[həʊl] or [hol]
(noun.) an assemblage of parts that is regarded as a single entity; 'how big is that part compared to the whole?'; 'the team is a unit'.
(noun.) all of something including all its component elements or parts; 'Europe considered as a whole'; 'the whole of American literature'.
(adj.) including all components without exception; being one unit or constituting the full amount or extent or duration; complete; 'gave his whole attention'; 'a whole wardrobe for the tropics'; 'the whole hog'; 'a whole week'; 'the baby cried the whole trip home'; 'a whole loaf of bread' .
(adj.) (of siblings) having the same parents; 'whole brothers and sisters' .
(a.) Containing the total amount, number, etc.; comprising all the parts; free from deficiency; all; total; entire; as, the whole earth; the whole solar system; the whole army; the whole nation.
(a.) Complete; entire; not defective or imperfect; not broken or fractured; unimpaired; uninjured; integral; as, a whole orange; the egg is whole; the vessel is whole.
(a.) Possessing, or being in a state of, heath and soundness; healthy; sound; well.
(n.) The entire thing; the entire assemblage of parts; totality; all of a thing, without defect or exception; a thing complete in itself.
(n.) A regular combination of parts; a system.
a. . All, total.. Entire, undivided, integral, complete, not fractional.. Uninjured, unimpaired, unbroken, perfect, faultless, good, firm, strong.. Sound, well, healthy.
n. All, totality, aggregate, gross, amount, sum, sum total.
SYN:Total, entire, all, well, complete, sound, healthy, perfect, unimpaired,undiminished, integral, undivided, gross
ANT:Partial, imperfect, incomplete, unsound, sick, impaired, diminished,fractional, divided, sectional
adj. sound as in health (so in B.): unimpaired: containing the total amount number &c.: all: not defective: complete: in mining as yet unworked.—n. the entire thing: a system or combination of parts.—adv. wholly.—adjs. Whole′-col′oured all of one colour; Whole′-foot′ed (coll.) unreserved; Whole′-heart′ed -souled noble: hearty generous; Whole′-hoofed having undivided hoof; Whole′-length giving the whole figure as a portrait: full-length.—n. a portrait or statue giving the whole figure.—ns. Whole′ness; Whole′sāle sale of goods by the whole piece or large quantity.—adj. buying and selling in large quantities: extensive.—n. Whole′sāler one who sells by wholesale.—adjs. Whole′-skinned having an unbroken skin: unhurt: safe in reputation; Whole′some healthy: sound: salutary: (Shak.) prosperous.—adv. Whole′somely.—ns. Whole′someness; Whole′-stitch a lace-making stitch used in filling.—adv. Wholly (hō′li) completely altogether.—n. Wholth wholeness soundness.—Whole number a unit or a number composed of units an integral number.—Upon On the whole generally speaking to sum up.—With whole skin safe unscathed.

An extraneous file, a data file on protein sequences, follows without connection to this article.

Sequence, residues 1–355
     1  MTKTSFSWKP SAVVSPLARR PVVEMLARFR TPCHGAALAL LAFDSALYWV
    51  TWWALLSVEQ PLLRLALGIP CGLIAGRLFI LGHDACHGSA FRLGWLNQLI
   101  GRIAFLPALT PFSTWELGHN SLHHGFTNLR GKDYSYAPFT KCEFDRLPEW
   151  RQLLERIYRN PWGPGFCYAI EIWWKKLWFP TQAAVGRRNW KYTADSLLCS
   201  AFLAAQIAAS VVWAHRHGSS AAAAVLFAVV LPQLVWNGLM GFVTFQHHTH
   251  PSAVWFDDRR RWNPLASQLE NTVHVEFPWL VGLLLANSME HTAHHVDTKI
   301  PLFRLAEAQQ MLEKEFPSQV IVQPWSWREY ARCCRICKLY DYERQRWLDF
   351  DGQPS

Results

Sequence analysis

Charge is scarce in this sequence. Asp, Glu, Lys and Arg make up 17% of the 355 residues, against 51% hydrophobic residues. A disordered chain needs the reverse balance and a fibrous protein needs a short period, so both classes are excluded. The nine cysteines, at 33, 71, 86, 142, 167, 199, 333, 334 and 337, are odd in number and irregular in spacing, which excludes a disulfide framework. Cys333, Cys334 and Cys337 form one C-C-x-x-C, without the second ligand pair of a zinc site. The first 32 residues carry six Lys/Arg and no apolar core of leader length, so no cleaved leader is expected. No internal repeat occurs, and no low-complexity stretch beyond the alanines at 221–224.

- He was undeniably a prosperous man, bore his drinking better than others bore their moderation, and, on the whole, flourished like the green bay-tree. 乔治·艾略特. 米德尔马契.
- It was late in the day before the whole inscription was erased. 威尔基·柯林斯. 白衣女人.
- While there are several distinct parts of this device, each having its individual function, they may be considered as a whole under the general term of the escapement. 佚名. 神奇的知识之书.
- Rather a pleasant year on the whole! 路易莎·梅·奥尔科特. 小妇人.
- I have only a little time here, she said, but I would have you to know the whole truth. 阿瑟·柯南·道尔. 福尔摩斯归来记.
- I thought you were going to spend the whole autumn with us, and I've hardly laid eyes on you for the last month. 伊迪丝·华顿. 快乐之家.
- Meantime the whole hall was in a stir; most people rose and remained standing, for a change; some walked about, all talked and laughed. 夏洛蒂·勃朗特. 维莱特.
- She saw clearly enough the whole situation, yet she was fettered: she could not smite the stricken soul that entreated hers. 乔治·艾略特. 米德尔马契.
- I ran back for a light and there was the poor fellow, a great gash in his throat and the whole place swimming in blood. 阿瑟·柯南·道尔. 福尔摩斯归来记.
- All day, she seemed to pervade the whole house. 查尔斯·狄更斯. 大卫·科波菲尔.
- Can't, indeed,' rejoined Bob Sawyer, 'I wouldn't mind a brain, but I couldn't stand a whole head. 查尔斯·狄更斯. 匹克威克外传.
- There was no Adrian to superintend and direct, while whole flocks of the poor were struck and killed. 玛丽·雪莱. 最后一个人.
- Whether his whole soul is devoted to the great or whether he yields them nothing beyond the services he sells is his personal secret. 查尔斯·狄更斯. 荒凉山庄.
- A small green court was the whole of its demesne in front; and a neat wicket gate admitted them into it. 简·奥斯汀. 理智与情感.
- Carriages and horses were provided for all; captains and under officers chosen, and the whole assemblage wisely organized. 玛丽·雪莱. 最后一个人.
- To say that active occupations should be concerned primarily with wholes is another statement of the same principle. 约翰·杜威. 民主与教育.
- Wholes for purposes of education are not, however, physical affairs. 约翰·杜威. 民主与教育.